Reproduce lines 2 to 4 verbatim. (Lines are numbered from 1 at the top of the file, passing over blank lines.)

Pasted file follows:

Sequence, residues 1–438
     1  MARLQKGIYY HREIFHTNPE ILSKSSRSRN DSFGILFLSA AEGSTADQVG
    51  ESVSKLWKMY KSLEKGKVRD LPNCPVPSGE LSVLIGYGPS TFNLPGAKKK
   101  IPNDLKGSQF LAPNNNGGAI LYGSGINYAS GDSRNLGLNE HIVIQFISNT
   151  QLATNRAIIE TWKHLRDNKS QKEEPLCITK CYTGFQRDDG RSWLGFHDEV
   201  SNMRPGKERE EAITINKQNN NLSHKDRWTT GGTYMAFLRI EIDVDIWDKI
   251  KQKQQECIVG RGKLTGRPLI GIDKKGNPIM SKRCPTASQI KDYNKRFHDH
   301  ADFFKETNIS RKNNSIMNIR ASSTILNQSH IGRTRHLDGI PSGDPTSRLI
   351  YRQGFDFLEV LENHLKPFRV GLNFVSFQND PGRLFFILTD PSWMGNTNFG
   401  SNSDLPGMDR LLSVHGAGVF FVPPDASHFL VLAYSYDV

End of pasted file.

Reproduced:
     1  MARLQKGIYY HREIFHTNPE ILSKSSRSRN DSFGILFLSA AEGSTADQVG
    51  ESVSKLWKMY KSLEKGKVRD LPNCPVPSGE LSVLIGYGPS TFNLPGAKKK
   101  IPNDLKGSQF LAPNNNGGAI LYGSGINYAS GDSRNLGLNE HIVIQFISNT